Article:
At the end of the day, if you look at money management through the generations, there are still binding principles that hold true: set aside money for your future and borrow as little as you can. The reality is, it doesn’t matter how much money you make if you can’t figure out how to manage it.

Taken from a column in bernews.com. Carla Seely is the Vice President of Pension and Investments at FM Group. If you would like any further details, please contact her at cseely@fmgroup.bm or call +1 441 297 8686.

Managing the Emotions of Volatile Markets — a Survey

Thursday, October 4th, 2018

The financial markets in 2018 experienced lots of ups and downs we haven’t seen in a long time. How do you stay focused on your goals when the markets get volatile? Take this short quiz to uncover your feelings about investing.

  1. When do you plan to stop working?
    1. 40 years or more
    2. 20 years
    3. 10 years or less
  1. When the stock market drops 10% or more, how do you feel?
    1. I pay no attention.
    2. I become a little concerned, but generally stick to my investment game plan.
    3. I freak out.
  1. How often do you check your retirement account balance?
    1. Once a year
    2. Occasionally
    3. Every day
  1. Which of the following statements captures your feelings about losing money in the short run?
    1. Markets go up and down every day. Over longer timeframes, their historic tendency has been to rise.
    2. I check to see if my asset allocation is significantly out of balance, but generally don’t do anything about it. Markets eventually recover.
    3. I feel sick, and want to sell everything.
  1. What’s the most important factor when thinking about risk and reward in your retirement plan?
    1. It’s time in the market, and not timing the market, that counts.
    2. I accept risk as a normal part of investing. Without some level of acceptable risk, I cannot expect to get a reasonable return.
    3. The risk of losing money in the markets is intolerable to me.

Score your answers:

Give yourself 20 points for each answer “a”; 15 points for every “b” and 5 points for each answer “c”. Total your score.

80 to 100 points (Green light): You are comfortable with maintaining your long-term investment strategy through volatile markets.

40 to 79 points (Yellow light): The risk of loss is somewhat concerning to you, whether that’s because you are getting closer to retirement age or feel anxious when markets go down. Think about resetting your asset allocation to be more conservative.

20 to 39 points (Red light): The risk of losing money is weighing heavily on you. Spend some time to understand how stocks, bonds and cash investments have performed historically, and consider working with a financial advisor who is sensitive to your feelings and who may be able to suggest investment products that seek to limit losses.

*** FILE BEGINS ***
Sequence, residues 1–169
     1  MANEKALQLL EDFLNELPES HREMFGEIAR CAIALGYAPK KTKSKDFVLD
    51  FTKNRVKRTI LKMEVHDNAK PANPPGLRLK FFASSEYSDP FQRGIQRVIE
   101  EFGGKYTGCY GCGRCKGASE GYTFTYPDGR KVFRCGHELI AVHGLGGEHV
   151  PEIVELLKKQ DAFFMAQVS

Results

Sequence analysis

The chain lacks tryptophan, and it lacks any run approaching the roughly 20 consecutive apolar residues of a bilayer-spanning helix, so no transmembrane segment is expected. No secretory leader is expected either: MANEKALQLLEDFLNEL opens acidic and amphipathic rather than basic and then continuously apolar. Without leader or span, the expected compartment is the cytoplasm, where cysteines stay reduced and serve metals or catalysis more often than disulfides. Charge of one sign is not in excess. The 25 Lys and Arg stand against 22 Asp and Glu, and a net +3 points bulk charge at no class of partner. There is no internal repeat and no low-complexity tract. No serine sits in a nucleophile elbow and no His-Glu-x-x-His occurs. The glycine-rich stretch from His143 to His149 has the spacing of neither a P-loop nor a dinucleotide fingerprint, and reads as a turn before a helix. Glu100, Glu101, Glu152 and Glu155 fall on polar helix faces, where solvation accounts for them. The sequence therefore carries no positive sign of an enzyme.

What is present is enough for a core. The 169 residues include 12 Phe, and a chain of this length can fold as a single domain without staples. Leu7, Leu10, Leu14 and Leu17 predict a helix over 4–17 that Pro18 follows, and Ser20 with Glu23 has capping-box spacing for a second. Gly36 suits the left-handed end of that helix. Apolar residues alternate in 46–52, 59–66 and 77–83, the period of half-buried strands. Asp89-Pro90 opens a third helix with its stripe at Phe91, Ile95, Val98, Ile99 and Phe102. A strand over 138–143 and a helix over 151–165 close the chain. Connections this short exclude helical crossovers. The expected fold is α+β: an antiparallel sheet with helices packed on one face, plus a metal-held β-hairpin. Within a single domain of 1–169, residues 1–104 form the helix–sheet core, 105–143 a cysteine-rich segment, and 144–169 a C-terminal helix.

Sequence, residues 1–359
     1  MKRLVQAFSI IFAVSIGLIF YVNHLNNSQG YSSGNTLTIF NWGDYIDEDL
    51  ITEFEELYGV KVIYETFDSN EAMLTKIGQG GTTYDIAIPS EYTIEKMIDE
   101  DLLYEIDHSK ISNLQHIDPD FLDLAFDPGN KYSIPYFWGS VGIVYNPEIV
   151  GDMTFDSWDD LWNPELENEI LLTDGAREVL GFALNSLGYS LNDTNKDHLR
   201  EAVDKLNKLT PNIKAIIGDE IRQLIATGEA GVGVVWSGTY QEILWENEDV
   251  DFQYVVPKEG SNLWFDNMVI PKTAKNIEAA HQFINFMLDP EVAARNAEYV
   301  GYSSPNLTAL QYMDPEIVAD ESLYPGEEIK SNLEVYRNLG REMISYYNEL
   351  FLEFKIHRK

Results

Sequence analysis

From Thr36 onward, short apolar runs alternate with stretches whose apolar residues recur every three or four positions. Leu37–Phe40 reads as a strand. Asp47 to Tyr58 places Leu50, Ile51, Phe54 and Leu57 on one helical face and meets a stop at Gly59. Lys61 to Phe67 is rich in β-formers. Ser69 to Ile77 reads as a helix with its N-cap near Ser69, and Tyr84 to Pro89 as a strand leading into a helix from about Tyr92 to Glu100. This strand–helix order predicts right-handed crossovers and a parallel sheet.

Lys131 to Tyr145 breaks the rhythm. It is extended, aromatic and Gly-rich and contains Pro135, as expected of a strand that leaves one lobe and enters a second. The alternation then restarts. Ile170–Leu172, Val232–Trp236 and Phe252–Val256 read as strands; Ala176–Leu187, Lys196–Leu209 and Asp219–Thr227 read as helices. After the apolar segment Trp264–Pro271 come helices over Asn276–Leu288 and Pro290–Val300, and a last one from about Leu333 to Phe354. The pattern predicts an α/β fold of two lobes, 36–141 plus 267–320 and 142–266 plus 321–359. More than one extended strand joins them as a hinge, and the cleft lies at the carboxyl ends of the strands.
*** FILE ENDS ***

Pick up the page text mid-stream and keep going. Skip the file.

The scores are based on generally accepted investment principles and are not intended as investment advice or recommendations. There is no guarantee that a particular investment strategy or asset  allocation will meet your objective. Additional factors should be considered as part of a comprehensive review of your individual financial situation.

Employees Prefer a Retirement Paycheck

Tuesday, October 2nd, 2018

The shift away from traditional pension plans means today’s employees are largely responsible for their own retirement security. Yet many seem to long for the “good old days,” at least in the sense of knowing they will receive a monthly income throughout retirement.

What role should companies play in the retirement security of their employees, especially as it relates to steady retirement income? And how can employees best meet the need for a retirement income they can count on? Those were among the questions explored recently with about 1,000 U.S. employees.

While 54% of the survey’s respondents said they retain primary responsibility for their own retirement security, 27% said companies are primarily responsible, and 19% believe it’s the government that has primary responsibility. Asked if they would prefer a set retirement paycheck for life from their employer over a lump sum of money to invest themselves, 58% preferred the steady paycheck. Interestingly, that sentiment came not only from Baby Boomers, but also from Millennials.

Employees want to partner with employers

Employees continue to want to partner with their employers in the planning and execution of their retirement savings, the survey found. In fact, they said they want companies to be more involved in providing for their retirement security in the next five to 10 years; 61% of respondents agreed with that sentiment, compared to just 9% who said the employer should be less involved.